Accentuating the Positive
Last year I was invited to give the keynote address at the annual meeting of the Scottish Evangelical Theology Society, and I was asked specifically if I could engage the question of how to handle diversity. My address has now been published in the Scottish Bulletin of Evangelical Theology 30/1 (2012), 21-29, and by permission of the editor I have posted the PDF of the article on the “Selected Published Essays, etc” tab of this blog site. The title of the article: “You’ve Got to ‘Accentuate the Positive’: Thinking about Differences Biblically.” Here’s the link to the SBET:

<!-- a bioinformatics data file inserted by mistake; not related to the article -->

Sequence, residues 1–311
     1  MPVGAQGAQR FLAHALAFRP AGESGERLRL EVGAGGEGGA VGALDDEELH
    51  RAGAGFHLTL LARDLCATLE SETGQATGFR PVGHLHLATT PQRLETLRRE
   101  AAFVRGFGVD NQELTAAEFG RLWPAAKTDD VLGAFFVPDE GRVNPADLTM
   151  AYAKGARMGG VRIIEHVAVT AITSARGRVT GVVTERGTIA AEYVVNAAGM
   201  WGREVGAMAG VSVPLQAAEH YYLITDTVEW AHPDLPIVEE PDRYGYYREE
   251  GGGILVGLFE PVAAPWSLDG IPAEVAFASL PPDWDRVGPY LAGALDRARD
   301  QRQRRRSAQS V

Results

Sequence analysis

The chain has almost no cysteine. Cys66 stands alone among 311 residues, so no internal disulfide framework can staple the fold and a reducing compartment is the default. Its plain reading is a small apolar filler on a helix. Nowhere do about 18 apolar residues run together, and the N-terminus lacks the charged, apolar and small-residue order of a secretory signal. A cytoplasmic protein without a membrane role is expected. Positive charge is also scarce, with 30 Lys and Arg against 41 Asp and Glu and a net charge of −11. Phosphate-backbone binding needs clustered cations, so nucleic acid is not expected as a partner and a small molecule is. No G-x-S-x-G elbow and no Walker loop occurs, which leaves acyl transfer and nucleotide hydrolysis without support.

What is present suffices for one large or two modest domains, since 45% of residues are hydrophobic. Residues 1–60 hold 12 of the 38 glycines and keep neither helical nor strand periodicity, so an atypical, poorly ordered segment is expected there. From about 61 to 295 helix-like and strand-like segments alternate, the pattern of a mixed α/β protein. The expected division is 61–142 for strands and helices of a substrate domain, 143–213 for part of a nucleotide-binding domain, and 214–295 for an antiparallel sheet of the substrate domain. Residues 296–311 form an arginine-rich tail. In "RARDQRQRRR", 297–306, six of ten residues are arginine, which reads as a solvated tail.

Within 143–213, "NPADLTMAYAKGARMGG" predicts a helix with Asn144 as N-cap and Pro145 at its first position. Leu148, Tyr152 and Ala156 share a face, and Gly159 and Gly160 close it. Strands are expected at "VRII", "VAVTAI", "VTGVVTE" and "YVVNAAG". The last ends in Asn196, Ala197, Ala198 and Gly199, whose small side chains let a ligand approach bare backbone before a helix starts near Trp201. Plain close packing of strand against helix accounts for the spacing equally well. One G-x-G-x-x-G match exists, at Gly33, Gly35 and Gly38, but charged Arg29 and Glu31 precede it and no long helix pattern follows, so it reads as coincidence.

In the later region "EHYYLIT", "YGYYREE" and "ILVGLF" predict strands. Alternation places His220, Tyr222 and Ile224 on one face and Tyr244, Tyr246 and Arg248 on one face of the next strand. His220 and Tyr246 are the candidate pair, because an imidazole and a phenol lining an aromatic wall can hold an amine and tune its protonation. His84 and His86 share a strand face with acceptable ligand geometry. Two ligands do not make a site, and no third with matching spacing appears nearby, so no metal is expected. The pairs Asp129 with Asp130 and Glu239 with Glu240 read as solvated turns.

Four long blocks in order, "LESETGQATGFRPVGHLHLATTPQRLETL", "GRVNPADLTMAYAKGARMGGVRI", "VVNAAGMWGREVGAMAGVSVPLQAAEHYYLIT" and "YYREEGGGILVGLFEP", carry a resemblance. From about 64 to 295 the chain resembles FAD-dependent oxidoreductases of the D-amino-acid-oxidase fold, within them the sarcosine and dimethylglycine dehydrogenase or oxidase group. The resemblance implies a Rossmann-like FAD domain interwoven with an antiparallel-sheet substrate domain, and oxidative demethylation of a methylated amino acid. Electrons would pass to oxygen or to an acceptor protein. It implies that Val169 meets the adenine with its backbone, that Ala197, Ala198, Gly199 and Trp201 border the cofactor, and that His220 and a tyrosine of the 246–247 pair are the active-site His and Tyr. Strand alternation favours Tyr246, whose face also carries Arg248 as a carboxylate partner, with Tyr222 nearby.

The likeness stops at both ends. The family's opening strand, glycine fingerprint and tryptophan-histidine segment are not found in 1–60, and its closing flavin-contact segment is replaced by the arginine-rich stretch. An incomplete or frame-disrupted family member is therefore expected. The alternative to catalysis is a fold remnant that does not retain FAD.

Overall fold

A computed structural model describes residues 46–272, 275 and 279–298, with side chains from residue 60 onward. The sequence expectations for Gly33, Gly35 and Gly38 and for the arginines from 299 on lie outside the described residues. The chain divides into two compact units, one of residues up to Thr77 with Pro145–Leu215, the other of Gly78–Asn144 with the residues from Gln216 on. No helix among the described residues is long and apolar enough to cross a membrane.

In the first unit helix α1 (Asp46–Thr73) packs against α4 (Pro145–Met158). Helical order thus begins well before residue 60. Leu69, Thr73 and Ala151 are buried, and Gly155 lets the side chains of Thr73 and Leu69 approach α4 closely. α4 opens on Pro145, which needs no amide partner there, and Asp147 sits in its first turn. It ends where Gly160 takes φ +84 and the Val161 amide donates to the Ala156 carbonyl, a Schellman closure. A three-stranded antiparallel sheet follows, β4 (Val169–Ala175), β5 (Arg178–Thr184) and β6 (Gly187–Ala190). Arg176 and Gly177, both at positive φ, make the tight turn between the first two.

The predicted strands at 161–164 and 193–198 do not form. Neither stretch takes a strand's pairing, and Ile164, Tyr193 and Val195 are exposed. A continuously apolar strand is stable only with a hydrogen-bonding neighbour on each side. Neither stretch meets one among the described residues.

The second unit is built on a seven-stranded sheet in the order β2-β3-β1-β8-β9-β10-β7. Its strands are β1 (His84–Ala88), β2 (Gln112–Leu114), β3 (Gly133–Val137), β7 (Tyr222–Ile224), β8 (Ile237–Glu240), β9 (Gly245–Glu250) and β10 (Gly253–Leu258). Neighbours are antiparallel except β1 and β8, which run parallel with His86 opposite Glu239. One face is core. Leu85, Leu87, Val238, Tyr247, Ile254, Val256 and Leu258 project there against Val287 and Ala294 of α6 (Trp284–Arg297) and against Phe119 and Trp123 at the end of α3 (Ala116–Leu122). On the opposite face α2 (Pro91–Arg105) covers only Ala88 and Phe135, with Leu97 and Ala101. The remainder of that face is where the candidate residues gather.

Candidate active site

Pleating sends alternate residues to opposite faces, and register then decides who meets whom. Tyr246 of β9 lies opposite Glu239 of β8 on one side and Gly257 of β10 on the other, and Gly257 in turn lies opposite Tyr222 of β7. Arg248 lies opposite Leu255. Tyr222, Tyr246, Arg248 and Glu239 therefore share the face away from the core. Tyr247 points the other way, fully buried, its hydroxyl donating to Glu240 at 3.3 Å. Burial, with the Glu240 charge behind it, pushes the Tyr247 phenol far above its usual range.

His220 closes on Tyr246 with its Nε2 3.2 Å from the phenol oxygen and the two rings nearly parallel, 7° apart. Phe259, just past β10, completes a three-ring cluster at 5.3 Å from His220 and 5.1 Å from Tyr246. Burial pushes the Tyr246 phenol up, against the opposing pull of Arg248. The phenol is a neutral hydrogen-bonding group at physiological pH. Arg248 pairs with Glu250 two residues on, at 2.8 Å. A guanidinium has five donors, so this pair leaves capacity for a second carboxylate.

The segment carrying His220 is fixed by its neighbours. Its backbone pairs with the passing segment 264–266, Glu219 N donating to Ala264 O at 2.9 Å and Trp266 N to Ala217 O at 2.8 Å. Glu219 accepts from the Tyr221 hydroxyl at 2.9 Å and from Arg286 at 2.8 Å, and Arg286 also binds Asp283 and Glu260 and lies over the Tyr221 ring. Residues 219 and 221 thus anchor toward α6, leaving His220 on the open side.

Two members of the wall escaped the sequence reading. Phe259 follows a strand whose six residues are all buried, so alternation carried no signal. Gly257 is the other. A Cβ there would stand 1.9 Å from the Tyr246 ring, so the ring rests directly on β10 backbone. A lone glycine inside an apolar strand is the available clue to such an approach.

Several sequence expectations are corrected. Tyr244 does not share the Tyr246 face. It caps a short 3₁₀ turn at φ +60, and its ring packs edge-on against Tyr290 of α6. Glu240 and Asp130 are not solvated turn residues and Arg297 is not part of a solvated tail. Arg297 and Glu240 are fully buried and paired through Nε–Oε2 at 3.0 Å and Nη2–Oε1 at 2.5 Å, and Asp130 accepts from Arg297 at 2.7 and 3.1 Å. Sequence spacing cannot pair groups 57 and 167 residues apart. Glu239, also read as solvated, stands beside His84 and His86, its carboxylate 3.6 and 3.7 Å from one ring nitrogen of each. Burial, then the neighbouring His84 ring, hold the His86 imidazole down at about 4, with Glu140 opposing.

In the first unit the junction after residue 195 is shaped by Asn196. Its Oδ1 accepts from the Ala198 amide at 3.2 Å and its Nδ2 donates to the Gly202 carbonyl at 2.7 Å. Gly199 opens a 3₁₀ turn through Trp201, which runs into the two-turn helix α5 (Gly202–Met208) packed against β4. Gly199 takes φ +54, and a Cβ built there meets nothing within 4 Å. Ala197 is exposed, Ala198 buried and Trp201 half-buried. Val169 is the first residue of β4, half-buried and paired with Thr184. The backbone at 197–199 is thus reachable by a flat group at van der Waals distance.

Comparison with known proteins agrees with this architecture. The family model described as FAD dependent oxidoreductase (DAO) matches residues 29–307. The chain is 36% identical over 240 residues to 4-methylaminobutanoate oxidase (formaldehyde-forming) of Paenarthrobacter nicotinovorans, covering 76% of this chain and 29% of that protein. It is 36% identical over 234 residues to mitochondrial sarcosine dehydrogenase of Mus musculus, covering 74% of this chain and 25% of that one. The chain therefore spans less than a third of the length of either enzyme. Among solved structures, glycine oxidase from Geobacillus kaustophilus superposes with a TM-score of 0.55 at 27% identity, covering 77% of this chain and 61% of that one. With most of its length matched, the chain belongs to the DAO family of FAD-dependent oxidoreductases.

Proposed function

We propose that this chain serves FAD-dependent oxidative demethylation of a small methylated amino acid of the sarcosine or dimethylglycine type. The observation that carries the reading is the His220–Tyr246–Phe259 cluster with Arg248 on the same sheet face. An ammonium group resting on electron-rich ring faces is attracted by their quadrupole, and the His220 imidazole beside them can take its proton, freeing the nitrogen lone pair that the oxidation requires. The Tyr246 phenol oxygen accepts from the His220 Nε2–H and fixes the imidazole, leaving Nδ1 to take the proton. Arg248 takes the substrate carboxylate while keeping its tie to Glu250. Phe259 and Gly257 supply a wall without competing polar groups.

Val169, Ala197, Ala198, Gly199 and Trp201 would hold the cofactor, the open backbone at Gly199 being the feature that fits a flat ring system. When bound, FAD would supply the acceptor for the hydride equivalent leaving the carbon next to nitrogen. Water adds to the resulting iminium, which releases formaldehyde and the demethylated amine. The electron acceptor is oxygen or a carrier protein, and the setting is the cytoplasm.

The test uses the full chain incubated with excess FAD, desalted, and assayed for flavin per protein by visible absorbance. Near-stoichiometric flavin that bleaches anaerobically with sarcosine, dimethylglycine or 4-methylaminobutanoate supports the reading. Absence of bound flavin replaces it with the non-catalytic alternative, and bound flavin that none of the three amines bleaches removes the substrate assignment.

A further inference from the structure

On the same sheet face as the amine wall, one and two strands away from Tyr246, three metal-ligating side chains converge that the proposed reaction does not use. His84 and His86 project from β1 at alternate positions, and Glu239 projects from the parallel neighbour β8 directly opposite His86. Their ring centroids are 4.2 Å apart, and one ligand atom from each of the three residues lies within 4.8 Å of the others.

My emphasis is the article is that a readiness to accommodate diversity in a positive manner seems to have been one of the key characteristics of that cluster of forms of early Christianity that comprise what has been referred to as “proto-orthodox” Christianity. The original connotation of “heresy” in early Christian usage was a sectarian outlook, a narrow religious “party”. I give some examples of the diversity that we see represented directly in the New Testament, which is a collective statement affirming a critical diversity. Early Christianity at its best was more of a jazz combo, with creativity and room for variations, rather than a tightly orchestrated symphony with each part written out in detail and conforming to a closely-directed performance.